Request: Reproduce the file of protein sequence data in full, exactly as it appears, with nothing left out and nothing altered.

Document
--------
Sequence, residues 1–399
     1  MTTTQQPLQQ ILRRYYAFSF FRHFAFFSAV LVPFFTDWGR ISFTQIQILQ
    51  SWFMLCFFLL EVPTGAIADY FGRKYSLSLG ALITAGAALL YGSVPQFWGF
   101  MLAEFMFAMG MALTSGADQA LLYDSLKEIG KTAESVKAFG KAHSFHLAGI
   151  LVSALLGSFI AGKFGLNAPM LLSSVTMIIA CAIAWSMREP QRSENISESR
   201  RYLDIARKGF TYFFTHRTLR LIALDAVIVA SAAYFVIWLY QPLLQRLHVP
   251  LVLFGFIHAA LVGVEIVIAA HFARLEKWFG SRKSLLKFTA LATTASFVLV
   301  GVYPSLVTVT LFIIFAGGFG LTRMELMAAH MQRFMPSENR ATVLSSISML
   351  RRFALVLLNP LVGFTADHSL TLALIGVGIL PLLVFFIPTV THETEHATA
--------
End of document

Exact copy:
Sequence, residues 1–399
     1  MTTTQQPLQQ ILRRYYAFSF FRHFAFFSAV LVPFFTDWGR ISFTQIQILQ
    51  SWFMLCFFLL EVPTGAIADY FGRKYSLSLG ALITAGAALL YGSVPQFWGF
   101  MLAEFMFAMG MALTSGADQA LLYDSLKEIG KTAESVKAFG KAHSFHLAGI
   151  LVSALLGSFI AGKFGLNAPM LLSSVTMIIA CAIAWSMREP QRSENISESR
   201  RYLDIARKGF TYFFTHRTLR LIALDAVIVA SAAYFVIWLY QPLLQRLHVP
   251  LVLFGFIHAA LVGVEIVIAA HFARLEKWFG SRKSLLKFTA LATTASFVLV
   301  GVYPSLVTVT LFIIFAGGFG LTRMELMAAH MQRFMPSENR ATVLSSISML
   351  RRFALVLLNP LVGFTADHSL TLALIGVGIL PLLVFFIPTV THETEHATA